Engineering professor provides advice to high level UN conference
27 January 2015
Cardiff School of Engineering’s Professor Roger Falconer, of the Hydro-environmental Research Centre and CH2M HILL Professor of Water Management, has recently returned from participating in a high level UN meeting in Zaragoza, Spain, on Water and Sustainable Development: From Vision to Action.
The meeting focused on addressing sustainable development goals and a range of concerns, including the following:
- Over 1.7 billion people live in river basins where water use exceeds recharge;
- Two-thirds of the world’s population will live in water stressed countries by 2025;
- Demand for water will increase by 55% by 2050;
- Estimates suggest that over 80% of wastewater is discharged without treatment;
- 40% of the world’s population live in basins that overlap two or more countries; and
- Water shortages have been identified by industry, government academia and civil society as one of the top three global risks.
Professor Falconer was the reporter for the 1-day session on “Countries’ experiences in contributing to the implementation of the Sustainable Development Goals” and on the following day he was one of four panel members in a session on “Key tools and lessons learnt from implementation”.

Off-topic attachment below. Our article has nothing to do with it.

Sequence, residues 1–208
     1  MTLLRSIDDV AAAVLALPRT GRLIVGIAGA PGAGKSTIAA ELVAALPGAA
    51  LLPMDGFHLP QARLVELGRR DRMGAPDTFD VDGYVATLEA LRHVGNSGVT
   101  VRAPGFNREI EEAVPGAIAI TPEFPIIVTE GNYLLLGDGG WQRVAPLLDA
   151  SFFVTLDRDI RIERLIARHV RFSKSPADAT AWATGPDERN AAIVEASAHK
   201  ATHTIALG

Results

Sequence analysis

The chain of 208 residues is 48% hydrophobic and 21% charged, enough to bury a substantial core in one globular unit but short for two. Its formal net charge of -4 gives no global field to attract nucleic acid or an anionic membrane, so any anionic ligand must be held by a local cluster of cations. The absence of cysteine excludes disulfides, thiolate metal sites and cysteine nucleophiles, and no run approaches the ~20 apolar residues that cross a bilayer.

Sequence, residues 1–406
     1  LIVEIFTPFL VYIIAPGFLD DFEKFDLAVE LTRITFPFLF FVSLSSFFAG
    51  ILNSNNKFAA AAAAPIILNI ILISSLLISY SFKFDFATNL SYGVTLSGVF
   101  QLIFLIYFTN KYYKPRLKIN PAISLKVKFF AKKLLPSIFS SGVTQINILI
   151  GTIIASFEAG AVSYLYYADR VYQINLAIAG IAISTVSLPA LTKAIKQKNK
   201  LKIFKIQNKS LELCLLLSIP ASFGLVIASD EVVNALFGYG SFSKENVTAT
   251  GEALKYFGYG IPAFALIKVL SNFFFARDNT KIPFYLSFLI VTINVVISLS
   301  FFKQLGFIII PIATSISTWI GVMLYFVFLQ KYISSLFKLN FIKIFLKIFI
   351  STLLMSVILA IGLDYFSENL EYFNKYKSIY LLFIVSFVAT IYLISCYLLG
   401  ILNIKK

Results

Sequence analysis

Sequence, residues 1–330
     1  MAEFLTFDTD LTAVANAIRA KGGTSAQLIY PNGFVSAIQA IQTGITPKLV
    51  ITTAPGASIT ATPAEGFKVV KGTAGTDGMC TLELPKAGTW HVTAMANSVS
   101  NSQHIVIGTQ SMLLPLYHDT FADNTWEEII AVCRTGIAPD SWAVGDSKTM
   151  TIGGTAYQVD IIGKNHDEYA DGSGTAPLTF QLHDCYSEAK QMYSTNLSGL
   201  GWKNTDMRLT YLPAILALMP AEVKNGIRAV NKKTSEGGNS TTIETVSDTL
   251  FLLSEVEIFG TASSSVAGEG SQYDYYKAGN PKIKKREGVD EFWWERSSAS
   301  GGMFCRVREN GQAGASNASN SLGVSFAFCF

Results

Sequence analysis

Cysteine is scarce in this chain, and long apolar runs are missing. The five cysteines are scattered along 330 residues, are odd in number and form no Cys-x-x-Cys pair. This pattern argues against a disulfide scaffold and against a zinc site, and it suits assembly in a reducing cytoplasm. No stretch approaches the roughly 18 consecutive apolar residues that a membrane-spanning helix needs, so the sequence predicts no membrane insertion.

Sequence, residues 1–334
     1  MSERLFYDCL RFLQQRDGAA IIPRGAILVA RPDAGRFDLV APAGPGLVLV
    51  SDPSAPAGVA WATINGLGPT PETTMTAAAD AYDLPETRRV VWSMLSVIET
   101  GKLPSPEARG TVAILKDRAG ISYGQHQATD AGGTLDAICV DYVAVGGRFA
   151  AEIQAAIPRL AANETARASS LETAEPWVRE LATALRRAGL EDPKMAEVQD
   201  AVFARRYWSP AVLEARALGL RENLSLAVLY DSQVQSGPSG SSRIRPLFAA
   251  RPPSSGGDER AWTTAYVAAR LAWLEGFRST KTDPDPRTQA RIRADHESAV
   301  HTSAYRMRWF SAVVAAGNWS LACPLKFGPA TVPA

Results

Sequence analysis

Professor Falconer expressed his belief that if governments, industry and non-governmental agencies work together to get the Water Footprint recognised in the same way as the Carbon Footprint, then many of the challenges of water security will be much reduced.
He is leading a global initiative through IAHR (International Association for Hydro-Environment Engineering and Research) to encourage the introduction of a traffic light system to flag up products and services with a high water footprint as red, and a low water footprint as green, with various shades of colouring in-between, much as one experiences when purchasing a fridge.
His comments were well supported at the UN meeting and this is being followed up with further talks by him on the subject.